Is Jrue Holiday “Clutch?”

Published: June 24, 2017

**All stats from**

Clutch is not what you think.  It’s not what Skip Bayless thinks and it’s not what Biff from the bar thinks, which is, crudely, “is this player greedy enough to take every close game’s final shot at the expense of a more efficient opportunity?”  I don’t care about that evaluation and neither should you.  Clutch, by definition, is how a player performs while the game is within 5 points in the final 5 minutes of each period.  The technical framework gives us an opportunity to more accurately assess how players perform in the final moments of a close game.

And there is no better context to see who a player is in the final moments of a game.  In an aggregate sense, no moment of a game is “different” from another.  Three minutes in, each basket counts for the same amount of points as it does with three minutes left.  But at the end of a game, the amount of opportunities to make up for mistakes decreases at a faster pace.  So I pared down to a small version of clutch time stats — just the last 5 minutes of the final quarter — and normalized to per 36 minutes to better wrap my head around the stats.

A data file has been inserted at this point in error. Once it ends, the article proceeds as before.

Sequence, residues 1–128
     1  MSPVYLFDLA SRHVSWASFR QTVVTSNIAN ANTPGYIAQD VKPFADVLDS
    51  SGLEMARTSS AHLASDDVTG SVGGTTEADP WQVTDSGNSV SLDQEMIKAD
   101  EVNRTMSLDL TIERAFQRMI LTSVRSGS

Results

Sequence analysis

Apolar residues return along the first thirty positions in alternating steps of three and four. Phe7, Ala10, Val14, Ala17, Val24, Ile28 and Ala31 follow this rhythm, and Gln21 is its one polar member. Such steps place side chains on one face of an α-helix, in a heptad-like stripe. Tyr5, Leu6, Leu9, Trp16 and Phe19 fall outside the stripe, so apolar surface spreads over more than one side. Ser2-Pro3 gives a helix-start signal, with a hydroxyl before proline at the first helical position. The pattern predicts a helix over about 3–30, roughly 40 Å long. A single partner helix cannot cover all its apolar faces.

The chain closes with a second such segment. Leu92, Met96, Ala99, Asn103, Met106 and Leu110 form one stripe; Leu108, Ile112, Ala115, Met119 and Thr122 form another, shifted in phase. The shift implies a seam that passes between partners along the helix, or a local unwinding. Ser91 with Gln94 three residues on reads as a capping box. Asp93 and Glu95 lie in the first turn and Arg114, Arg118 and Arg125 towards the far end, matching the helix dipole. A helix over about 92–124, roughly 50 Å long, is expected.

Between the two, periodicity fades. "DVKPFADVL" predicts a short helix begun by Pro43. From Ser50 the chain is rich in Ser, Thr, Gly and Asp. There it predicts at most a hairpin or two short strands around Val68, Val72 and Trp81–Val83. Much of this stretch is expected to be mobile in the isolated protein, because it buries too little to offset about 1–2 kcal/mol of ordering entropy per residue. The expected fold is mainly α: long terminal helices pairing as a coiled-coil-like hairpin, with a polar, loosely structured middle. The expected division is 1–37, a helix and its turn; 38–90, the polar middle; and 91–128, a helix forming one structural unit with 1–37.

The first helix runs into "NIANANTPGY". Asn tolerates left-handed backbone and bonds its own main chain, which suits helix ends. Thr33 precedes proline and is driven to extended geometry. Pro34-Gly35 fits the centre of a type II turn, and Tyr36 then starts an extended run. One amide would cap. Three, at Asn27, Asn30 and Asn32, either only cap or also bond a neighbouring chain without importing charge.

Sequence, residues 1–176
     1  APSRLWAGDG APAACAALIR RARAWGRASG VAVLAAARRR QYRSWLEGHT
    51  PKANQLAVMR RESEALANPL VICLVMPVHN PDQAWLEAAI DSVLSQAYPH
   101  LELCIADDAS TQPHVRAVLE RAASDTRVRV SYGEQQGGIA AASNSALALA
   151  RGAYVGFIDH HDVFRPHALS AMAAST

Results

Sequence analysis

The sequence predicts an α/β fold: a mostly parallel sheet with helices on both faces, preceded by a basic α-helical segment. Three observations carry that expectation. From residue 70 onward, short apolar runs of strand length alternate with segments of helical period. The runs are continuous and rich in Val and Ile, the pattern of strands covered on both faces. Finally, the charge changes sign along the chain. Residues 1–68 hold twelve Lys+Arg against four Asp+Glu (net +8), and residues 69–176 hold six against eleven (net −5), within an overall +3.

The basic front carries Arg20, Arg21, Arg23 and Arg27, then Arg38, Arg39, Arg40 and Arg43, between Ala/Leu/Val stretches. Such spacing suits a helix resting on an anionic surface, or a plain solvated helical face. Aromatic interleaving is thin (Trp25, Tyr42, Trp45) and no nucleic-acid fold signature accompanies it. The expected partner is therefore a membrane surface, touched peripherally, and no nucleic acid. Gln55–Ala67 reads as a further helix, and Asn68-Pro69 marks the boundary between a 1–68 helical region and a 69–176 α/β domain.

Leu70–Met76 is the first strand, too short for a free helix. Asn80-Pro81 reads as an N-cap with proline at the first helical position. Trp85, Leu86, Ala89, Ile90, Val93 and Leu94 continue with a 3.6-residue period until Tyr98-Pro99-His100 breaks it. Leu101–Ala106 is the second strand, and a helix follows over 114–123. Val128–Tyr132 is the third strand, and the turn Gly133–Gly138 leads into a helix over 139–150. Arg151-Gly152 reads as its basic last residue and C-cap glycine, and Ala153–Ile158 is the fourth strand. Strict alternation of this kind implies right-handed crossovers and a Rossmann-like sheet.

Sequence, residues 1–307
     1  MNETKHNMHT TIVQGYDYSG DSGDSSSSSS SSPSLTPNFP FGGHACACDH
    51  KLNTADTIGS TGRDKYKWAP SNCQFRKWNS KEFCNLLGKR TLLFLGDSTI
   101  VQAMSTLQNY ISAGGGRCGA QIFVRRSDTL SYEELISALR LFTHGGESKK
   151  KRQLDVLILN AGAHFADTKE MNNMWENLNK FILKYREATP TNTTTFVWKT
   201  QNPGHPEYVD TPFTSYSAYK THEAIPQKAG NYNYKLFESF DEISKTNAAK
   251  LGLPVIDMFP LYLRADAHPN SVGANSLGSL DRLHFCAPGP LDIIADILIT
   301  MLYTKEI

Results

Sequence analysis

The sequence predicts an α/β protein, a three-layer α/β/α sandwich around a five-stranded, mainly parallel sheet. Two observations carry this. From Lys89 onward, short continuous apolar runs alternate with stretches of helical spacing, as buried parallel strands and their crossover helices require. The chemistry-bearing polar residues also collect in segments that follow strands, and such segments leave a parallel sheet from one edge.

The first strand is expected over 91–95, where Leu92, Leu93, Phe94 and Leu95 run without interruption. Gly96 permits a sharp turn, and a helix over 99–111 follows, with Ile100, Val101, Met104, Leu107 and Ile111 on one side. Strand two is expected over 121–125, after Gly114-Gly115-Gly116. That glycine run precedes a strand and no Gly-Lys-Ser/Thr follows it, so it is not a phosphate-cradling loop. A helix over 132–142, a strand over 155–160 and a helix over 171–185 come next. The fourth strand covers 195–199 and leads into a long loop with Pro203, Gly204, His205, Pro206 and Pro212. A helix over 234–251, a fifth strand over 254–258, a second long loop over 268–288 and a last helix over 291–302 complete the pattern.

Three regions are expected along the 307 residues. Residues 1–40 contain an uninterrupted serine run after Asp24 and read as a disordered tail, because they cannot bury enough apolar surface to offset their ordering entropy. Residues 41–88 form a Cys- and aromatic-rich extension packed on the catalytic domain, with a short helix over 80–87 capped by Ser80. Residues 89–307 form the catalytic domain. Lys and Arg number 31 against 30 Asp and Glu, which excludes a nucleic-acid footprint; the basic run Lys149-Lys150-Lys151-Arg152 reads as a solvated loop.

With that in mind, there is no shortage of concern regarding Jrue Holiday’s clutch play, because he is likely to get a very fat contract offer in the coming days.  Is this someone that the Pelicans can rely on in the closing moments of a tight playoff game?  I set out to see.

Selected statistics from last 2 seasons (anyone with fewer than 50 min was filtered out of the study; also, please ignore sorting arrows)















































  • Jrue creates as many as assists as almost anyone in the study — his 7.3 AST/36 is not altogether different from his unconstrained 7.9 AST/36 rate from the last 2 years.
  • However, Jrue also turns the ball over at an ungodly rate: 5.3 TO/36.  This is highly disturbing, even with the knowledge that defense tightens in the waning moments of close games.
  • This does not include overtimes, for the great reason of I didn’t feel like pulling more statistics.

The results are not encouraging — according to the data I pulled, Jrue’s turnover rate is not only high, it is sky high for someone whose point production is not nearly that of higher usage players.

I don’t mean this to be a sweeping condemnation of a player that I would love to see stay — there are plenty of reasons to like what Jrue does on the court — but, at the least, these *limited* statistics give me serious pause when considering whether Jrue is someone I want holding the ball in clutch moments if and when the Pelicans make the playoffs.